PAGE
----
This Salar was more than twice as large as the previous. The mountains stretched higher into the sky. And the terrain evolved and devolved from sand, to ball bearing gravel to chunky plum sized rocks. Once again the gamelan-like pinging of rocks on the under guard of my gave me something to focus on when not battling the wind or taming the jumping of my front tire with delicate yet sure control of my handlebars. Several times my rear tire had ideas of its own and moved independently of the front. Fearing the need to plant and dab my left foot for balance, I resisted the temptation and kept both feet glued to the pegs. For most of the last three hours I’d been standing or riding in a half-standing squat position. Even with the wider Touratech foot pegs my feet were getting sore and my back tense and tired. Empty. Alone. How much longer could this go on?
I passed several roads that seemed to ride off into the horizon until dead ending at the mountains. Mines. Lots of mines. Yet there was no one on the road. I saw three cars and one mini-bus in over three hours. If I did drop this monster of bike, it’d be hell trying to pick it up — how long would it be before someone would drive by to help?
I thought back to all the people who told me this would be an easier ride to Chile. They insisted there’d be good roads – even those of dirt. Had I joined Andy, I would have been at the Argentinean border by the time I crested above the second salar. But now I was battling the incessant wind at a Chilean military check point. The kinetic and frenzied wind-torn Chilean flapped noisily and the guard firmly held his jacket in his grip as he approached the gate. It was approaching 7pm. Looking ahead to the massive and desolate plain that stretched miles to the west where in the haze distant mountains poked lazily toward the sky, I asked the guard about the mysterious paved road I’d been promised. He rolled his eyes up into his head, muttered the name of a few towns and then said, “Dos horas, mas o menos,” indicating that it would be two hours, more or less, until I was in shouting distance of my destination, Calama Chile. But ahead of me the road looked good and I asked for reassurance. He shook his head and motioned with his hand rocking it back and forth. “Cuidado.” He repeated at least four times while telling me just two weeks ago an American motorcyclist had crashed on the road I’d just braved. The lone biker had broken his shoulder. Great. He raised the gate and I pushed on.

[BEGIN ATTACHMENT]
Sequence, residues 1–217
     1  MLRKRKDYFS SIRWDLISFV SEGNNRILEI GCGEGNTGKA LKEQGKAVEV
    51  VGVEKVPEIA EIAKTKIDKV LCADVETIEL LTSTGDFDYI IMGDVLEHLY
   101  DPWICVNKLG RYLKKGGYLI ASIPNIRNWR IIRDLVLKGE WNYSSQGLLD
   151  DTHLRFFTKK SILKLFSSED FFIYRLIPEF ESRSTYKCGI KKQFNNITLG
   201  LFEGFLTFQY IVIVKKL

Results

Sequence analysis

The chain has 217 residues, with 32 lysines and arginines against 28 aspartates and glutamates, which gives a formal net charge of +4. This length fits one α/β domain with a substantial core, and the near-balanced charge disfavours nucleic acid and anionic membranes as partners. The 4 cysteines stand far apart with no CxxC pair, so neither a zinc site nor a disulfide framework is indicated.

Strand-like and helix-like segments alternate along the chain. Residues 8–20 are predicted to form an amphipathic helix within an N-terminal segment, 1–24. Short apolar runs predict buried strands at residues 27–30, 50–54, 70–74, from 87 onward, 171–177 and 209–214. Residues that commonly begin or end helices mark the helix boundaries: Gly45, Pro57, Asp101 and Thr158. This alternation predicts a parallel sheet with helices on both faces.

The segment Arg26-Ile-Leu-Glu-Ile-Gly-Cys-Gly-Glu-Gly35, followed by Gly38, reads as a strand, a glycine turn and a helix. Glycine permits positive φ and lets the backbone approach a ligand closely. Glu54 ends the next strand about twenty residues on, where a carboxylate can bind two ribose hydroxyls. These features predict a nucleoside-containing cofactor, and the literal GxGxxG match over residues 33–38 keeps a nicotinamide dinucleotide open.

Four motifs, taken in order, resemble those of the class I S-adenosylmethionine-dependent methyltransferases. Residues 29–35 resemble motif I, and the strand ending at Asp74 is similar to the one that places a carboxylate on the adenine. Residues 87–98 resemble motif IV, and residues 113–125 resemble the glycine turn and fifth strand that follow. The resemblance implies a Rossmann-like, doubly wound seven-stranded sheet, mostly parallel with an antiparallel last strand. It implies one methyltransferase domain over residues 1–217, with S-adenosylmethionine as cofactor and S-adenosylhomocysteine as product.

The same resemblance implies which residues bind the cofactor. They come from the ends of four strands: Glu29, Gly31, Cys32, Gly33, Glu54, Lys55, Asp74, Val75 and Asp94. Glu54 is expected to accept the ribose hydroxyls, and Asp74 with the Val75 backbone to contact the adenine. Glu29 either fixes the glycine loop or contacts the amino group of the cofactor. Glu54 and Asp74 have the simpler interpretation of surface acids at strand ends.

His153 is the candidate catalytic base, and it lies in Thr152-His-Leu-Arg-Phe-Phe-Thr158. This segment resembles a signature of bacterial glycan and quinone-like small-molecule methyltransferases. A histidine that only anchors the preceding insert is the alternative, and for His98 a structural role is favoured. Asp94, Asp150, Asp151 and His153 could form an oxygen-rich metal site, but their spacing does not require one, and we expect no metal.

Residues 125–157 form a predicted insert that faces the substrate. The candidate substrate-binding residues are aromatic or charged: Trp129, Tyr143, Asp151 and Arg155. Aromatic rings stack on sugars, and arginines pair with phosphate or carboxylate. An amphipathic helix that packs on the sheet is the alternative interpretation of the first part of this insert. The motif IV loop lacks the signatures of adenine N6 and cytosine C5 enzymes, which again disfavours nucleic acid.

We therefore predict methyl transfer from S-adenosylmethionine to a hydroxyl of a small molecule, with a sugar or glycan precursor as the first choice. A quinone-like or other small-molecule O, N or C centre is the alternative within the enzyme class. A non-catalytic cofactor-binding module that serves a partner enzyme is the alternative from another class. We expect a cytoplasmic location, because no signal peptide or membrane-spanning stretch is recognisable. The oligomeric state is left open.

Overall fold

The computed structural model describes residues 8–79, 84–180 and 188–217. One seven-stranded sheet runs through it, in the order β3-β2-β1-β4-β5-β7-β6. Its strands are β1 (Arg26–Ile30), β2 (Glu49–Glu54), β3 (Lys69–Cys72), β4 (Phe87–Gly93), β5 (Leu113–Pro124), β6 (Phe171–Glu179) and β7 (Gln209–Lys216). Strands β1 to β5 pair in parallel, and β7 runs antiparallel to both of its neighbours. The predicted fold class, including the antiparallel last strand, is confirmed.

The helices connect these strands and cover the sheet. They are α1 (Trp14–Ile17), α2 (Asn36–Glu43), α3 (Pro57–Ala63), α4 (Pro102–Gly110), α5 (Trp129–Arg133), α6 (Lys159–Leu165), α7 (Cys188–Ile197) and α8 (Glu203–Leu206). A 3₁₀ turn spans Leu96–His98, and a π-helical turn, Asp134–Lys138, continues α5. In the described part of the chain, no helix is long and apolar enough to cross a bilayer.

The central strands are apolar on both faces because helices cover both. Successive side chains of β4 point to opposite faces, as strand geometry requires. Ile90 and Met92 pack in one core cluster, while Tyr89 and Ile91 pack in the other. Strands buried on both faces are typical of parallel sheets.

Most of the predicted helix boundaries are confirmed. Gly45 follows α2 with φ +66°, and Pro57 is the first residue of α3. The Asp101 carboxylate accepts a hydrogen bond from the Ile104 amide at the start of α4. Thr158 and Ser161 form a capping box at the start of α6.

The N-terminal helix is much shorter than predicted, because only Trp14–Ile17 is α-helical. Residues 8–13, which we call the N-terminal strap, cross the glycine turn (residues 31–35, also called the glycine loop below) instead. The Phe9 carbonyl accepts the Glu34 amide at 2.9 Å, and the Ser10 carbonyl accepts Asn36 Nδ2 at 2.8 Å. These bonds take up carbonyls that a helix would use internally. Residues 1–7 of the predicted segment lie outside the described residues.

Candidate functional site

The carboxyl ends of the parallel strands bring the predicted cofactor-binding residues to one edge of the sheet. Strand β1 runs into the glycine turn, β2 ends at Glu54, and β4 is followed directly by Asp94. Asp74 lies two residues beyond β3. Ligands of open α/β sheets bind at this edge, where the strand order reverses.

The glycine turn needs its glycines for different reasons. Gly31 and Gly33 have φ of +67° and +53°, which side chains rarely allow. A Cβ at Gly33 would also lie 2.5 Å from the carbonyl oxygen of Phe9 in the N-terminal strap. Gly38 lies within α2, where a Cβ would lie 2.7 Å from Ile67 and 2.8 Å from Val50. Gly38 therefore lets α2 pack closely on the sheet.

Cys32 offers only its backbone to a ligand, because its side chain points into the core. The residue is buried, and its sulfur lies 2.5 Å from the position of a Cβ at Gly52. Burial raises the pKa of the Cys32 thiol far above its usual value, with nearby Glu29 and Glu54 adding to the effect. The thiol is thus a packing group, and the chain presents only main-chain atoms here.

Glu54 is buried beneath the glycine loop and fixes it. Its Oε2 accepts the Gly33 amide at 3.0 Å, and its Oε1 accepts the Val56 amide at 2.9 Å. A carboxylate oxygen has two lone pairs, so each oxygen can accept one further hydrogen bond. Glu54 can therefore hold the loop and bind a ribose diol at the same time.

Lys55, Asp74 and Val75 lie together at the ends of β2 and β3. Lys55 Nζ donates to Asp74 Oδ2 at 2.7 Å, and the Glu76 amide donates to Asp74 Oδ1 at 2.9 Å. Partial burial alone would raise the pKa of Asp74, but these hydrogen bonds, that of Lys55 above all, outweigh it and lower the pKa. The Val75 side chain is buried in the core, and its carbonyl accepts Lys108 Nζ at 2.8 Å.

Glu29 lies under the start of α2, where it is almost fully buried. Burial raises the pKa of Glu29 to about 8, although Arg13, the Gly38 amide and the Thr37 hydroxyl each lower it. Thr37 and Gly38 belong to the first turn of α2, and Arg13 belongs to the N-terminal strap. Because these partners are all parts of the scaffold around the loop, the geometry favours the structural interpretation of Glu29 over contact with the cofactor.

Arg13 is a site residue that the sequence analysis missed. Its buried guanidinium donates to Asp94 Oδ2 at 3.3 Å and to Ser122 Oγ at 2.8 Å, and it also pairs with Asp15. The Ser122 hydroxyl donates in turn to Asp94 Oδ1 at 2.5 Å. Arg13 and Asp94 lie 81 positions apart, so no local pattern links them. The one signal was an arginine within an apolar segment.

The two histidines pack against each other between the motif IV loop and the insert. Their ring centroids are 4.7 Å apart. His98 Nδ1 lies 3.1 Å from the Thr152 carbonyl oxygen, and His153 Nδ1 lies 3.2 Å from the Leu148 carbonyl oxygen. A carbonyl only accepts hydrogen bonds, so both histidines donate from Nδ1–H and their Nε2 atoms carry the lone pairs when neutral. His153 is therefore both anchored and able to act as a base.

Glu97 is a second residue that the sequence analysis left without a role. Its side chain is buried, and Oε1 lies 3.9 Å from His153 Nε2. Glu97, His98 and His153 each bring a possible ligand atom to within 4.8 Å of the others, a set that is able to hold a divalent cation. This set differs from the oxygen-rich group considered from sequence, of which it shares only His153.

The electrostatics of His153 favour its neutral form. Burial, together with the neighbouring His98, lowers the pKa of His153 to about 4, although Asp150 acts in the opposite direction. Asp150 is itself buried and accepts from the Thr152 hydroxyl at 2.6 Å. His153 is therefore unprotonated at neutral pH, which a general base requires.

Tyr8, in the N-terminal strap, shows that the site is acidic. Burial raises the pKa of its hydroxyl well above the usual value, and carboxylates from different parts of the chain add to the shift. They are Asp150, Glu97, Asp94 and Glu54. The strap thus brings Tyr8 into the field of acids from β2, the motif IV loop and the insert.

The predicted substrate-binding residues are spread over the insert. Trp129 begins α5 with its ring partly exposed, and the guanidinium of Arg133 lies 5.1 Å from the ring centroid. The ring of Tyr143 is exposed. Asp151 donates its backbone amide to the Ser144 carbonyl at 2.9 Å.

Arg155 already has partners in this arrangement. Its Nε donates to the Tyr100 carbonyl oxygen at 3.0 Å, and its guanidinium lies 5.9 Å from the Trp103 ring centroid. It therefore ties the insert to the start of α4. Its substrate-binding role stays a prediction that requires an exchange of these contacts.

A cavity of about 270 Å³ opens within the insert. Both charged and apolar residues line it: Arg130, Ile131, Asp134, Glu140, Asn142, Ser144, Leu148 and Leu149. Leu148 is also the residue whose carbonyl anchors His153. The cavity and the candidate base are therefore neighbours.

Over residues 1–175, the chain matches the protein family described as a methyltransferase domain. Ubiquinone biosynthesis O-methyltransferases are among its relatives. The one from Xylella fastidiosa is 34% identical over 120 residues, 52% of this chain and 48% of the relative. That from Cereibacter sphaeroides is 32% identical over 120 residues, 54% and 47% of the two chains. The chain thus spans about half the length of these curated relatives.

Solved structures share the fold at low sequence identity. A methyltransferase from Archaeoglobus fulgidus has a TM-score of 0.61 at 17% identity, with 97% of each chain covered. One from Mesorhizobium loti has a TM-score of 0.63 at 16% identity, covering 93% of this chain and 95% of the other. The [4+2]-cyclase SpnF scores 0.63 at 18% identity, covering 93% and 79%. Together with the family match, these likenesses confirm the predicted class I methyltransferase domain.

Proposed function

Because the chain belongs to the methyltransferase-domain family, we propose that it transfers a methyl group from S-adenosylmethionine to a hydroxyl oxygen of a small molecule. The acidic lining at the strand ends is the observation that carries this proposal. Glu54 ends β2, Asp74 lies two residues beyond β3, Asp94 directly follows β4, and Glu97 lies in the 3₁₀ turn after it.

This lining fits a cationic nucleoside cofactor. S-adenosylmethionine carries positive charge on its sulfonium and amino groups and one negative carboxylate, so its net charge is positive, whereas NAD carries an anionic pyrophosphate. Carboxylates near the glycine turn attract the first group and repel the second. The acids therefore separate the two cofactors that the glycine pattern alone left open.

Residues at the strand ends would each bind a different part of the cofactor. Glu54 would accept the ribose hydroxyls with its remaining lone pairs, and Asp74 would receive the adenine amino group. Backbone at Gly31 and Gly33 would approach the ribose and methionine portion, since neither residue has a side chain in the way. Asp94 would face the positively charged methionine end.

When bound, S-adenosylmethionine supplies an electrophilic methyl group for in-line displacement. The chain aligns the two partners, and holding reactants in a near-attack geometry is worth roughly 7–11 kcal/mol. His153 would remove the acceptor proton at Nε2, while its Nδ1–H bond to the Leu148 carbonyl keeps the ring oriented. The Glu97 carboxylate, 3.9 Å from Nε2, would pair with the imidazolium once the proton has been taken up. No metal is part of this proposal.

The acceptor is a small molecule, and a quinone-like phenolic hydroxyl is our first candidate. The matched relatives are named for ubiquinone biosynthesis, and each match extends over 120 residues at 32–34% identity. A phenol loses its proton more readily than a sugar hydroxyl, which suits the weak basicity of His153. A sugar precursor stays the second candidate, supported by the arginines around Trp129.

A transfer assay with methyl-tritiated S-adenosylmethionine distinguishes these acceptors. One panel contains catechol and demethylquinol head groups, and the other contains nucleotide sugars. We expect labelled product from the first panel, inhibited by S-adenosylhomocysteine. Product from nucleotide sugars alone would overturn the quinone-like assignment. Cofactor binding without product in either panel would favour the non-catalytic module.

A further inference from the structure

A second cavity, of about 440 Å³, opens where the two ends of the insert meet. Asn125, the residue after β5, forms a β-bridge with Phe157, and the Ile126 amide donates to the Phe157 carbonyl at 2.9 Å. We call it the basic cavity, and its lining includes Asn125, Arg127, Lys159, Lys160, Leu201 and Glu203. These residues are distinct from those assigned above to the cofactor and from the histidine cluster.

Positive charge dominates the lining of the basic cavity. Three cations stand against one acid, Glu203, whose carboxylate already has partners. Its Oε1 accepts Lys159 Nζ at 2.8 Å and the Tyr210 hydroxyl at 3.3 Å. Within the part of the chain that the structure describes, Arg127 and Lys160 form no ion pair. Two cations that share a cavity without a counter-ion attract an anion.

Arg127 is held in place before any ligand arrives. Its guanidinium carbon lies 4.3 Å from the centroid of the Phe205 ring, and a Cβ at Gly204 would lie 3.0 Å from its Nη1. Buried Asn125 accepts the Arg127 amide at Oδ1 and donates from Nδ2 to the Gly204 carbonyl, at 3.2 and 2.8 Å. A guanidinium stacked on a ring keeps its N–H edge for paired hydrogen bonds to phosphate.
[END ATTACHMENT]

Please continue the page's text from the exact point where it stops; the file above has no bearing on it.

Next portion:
the wind grew more intense and the temperature crept down. I still had the massive 20,000 foot volcanoes to my left but a vast wasteland of nothing to my right. The marble sized gravel provided less traction than I had all day as my front end flirted and teased me for the next hour and a half. When the gravel wasn’t turning my stomach the washboard pounded my spine. And all along the wind pushed me into the deep shit on the sides and middle track of my lane – and sometimes the opposite. I could barely get out of second gear. There wasn’t a car, bike, truck or pedestrian anywhere. Where was I? Does anybody ride this route. I remembered the railroad and the several dozen times I’d crossed my path. Most people experience this desolate landscape with their noses pressed against the windows of a railroad car. Me? If I lifted my head for a second and took concentration off the road, I’d go down for sure. Stopping I battled the wind against the motorcycle. If this was fun, I’d have the last laugh. But I heard no laughter. If this was adventure, I’d enjoyed it enough already. I was ready to stop. The massive orange and yellow orb had begun its perilous descent behind the lazy mountainscape. And I was riding directly toward it. This made it more difficult to see the the sand, gravel and rocks in the road. As I continued to ride at 20-25mph I scanned the desert wondering where I could set up camp without the wind turning my tent into a kite and sailing it off the never never land. There was no place. It was all open desert. It was getting darker. yet in the distance saw a trail of three large pipes running parallel across the plain. They ran through what I reasoned to be some-sort of pump or inspection station. But there wasn’t a car nor lights. Though I figured I could set up camp there. But I didn’t. Instead I dreamed of the mystical pavement, the big city of Calama, a cold beer, warm bed and soft pillow. I pushed on.